Secure HDD Erasing: UCSD/CMRR

Discussion in 'Computer Help' started by Bubbaleone, Jan 24, 2012.

  1. Bubbaleone

    Bubbaleone Golden Member

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    These forums: Computer Help, and Software for Windows are regularly requested to give advice on how to securely erase a hard drive. I've replied to these querys and have also read, and agreed with, the knowledgeable replies by many other AnandTech members.

    Ok,...I have been "securely" erasing HDDs for years. I've always used accepted, mainstream, disk-level, 3rd-party software for this purpose. However, after thoroughly reading all the research documentation done by UCSD/CMRR, I've reached the conclusion that a great deal of what I thought I knew on this subject is, at best, faulty.

    It's faulty because I'd accepted, and believed, that both the information freely distributed by software manufacturers promoting their products, and the articles by and proclamations of "experts in the field", which have saturated the web for many years, were the truth...the facts...and nothing but the facts. I'm no longer a believer.

    I think if you read for yourself what UCSD/CMRR actually does, who they do it for, and their role in international HDD design implementations, you may well reach the same conclusion. I don't claim to be an "expert" at anything. However, if anyone is an "expert" on this topic, these guys really are.

    University of California, San Diego
    Center for Magnetic Recording Research

    Former and Current Sponsors
    Website
    Tutorial on Disk Drive Data Sanitization

    This quote is from the last page of the tutorial:

     
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  3. Matt1970

    Matt1970 Lifer

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    I think you are reading too far into it. You can read for days on end of different theories and methods and real world tests. Keep in mind, it is still a magnet writing and reading data in physical drives. Once it is overwritten it is extremely hard to recover any data.
     
  4. Bubbaleone

    Bubbaleone Golden Member

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    Obviously you didn't bother to actually visit UCSD/CMRR's website and read anything, or examine the freeware erasing utility they offer, which is all I suggested in my post:

    I believe all of the following companies, who sponsor and rely upon the scientific research done by USCD/CMRR, would disagree with your statement:

    [​IMG]
     
  5. denis280

    denis280 Diamond Member

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    the fact is. you cant erase a hd completely.
     
  6. Matt1970

    Matt1970 Lifer

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    As per the Q&A on the CMRR website.

    Q: Is any data left after a secure erase?

    A: Investigations at CMRR at UCSD have shown that a single pass secure erase at lower frequencies results in no remaining data signals and a second erase reduces this signal only slightly more. The resulting data signal to noise ratio (SNR) at the magnetic drive head is below that required to recover data using a disk drive channel . The only recorded signal left in these experiments is a small amount of highly distorted track edge recording which is extremely difficult to recover data from even if the disk is removed from the drive and tested on a spin-stand.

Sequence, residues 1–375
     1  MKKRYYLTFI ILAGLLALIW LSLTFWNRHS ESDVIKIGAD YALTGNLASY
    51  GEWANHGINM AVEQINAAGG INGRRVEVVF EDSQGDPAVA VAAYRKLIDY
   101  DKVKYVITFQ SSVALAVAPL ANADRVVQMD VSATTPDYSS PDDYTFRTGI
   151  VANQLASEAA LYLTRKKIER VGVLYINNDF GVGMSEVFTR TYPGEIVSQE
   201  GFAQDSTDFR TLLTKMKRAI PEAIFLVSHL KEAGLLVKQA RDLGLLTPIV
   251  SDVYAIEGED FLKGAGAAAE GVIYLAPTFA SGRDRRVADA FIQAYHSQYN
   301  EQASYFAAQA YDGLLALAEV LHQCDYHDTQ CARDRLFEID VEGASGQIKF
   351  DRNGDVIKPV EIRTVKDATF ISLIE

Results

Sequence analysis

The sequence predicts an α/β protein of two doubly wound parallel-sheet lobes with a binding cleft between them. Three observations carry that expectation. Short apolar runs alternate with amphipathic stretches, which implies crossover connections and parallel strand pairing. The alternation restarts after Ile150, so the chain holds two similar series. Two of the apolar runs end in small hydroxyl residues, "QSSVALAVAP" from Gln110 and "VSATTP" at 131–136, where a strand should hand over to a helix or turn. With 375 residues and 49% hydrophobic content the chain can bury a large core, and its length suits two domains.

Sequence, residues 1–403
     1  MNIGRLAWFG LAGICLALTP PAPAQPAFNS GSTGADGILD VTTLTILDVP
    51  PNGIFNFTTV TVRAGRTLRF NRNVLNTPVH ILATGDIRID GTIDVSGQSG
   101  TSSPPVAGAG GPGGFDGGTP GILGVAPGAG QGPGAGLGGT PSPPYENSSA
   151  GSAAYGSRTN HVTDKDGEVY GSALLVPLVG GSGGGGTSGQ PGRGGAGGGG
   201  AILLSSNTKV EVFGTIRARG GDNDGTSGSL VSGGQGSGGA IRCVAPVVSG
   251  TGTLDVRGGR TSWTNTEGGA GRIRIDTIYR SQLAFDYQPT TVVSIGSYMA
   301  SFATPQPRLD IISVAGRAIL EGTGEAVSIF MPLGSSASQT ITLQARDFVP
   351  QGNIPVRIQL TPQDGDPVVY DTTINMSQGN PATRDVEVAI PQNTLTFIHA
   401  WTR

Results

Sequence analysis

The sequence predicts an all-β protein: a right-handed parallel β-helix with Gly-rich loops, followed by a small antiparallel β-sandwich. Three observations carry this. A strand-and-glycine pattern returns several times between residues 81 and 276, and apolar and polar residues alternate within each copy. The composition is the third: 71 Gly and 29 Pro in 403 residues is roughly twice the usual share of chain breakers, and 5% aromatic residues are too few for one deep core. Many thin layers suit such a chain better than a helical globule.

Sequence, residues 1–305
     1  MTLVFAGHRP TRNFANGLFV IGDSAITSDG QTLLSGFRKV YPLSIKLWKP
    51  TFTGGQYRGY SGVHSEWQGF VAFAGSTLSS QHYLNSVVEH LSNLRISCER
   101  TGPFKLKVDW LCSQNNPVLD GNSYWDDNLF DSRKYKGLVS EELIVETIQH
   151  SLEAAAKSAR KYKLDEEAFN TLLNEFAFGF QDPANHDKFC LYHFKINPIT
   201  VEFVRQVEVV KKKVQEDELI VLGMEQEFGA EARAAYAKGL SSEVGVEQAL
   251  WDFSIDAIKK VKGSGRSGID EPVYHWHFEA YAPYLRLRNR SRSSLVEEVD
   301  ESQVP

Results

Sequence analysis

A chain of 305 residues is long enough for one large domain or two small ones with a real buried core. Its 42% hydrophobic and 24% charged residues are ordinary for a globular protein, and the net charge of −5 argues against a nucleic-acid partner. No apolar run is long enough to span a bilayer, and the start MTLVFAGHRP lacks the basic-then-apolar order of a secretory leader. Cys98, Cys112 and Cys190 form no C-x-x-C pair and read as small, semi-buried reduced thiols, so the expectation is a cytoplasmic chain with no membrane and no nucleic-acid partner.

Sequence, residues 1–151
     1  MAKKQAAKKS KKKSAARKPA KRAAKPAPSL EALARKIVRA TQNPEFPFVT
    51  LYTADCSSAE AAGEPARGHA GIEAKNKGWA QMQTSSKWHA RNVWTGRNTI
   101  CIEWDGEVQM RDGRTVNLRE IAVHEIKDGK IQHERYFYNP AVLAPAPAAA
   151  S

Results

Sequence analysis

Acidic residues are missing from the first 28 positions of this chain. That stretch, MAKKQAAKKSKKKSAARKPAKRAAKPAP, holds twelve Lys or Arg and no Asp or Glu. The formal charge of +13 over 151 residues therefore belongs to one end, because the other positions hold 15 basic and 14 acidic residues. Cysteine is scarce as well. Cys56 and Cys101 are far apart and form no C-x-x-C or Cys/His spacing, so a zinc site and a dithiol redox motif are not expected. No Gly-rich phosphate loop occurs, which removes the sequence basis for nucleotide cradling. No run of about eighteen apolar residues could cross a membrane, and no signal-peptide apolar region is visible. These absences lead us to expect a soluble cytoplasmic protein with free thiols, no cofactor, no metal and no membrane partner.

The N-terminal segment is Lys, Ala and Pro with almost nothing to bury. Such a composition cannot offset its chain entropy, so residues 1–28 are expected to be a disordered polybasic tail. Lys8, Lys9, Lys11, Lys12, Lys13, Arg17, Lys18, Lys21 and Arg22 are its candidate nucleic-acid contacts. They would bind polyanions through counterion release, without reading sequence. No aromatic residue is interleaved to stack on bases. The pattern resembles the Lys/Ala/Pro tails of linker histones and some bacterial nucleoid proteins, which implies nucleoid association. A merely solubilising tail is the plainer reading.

7. Bubbaleone

    Bubbaleone Golden Member

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    That information is correct only if the drive is erased using the "internal secure erase" feature. UCSD/CMRR was instrumental in the implementation of this built-in feature of HDDs manufactured since 2001.

    3rd-party erasing software, and manufacturer supplied format utilities do not access the password protected, built-in, secure erase feature. The freeware utility SECUREERASE, which is available on the UCSD/CMRR site, does unlock the password protected secure erase feature: Download Freeware Secure Erase Utility
     
    #6 Bubbaleone, Jan 25, 2012
    Last edited: Feb 1, 2012
  8. Magic Carpet

    Magic Carpet Diamond Member

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    :) What about other than Intel ?
     
  9. Bubbaleone

    Bubbaleone Golden Member

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    If you're running SPARC, PowerPC, or any other non-IBM compatible computer, that doesn't natively support DiskOperatingSystem, then obviously you can't run this utility on those machines.

    However, disk drives aren't processor architecture dependent. SPARC, PowerPC, etc., use the same buses (PATA, SATA, SCSI, SAS, Fibre) that Intel based machines use. Meaning, that if you're running one of those systems and you'd like to use this utility to access the internal secure erase feature on your hard drive, you'll need to pull it out and hook it up to a PC.
     
    #8 Bubbaleone, Mar 13, 2012
    Last edited: Mar 13, 2012
  10. Magic Carpet

    Magic Carpet Diamond Member

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    I just lol'ed at the fact, that IBM-PC hadn't been mentioned instead.
     
  11. Bubbaleone

    Bubbaleone Golden Member

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    I had to think on that a bit myself..LOL. "...Intel architecture computers (PCs)" I guess it's just the author's choice of wording... if it's a "PC" it's IBM compatible.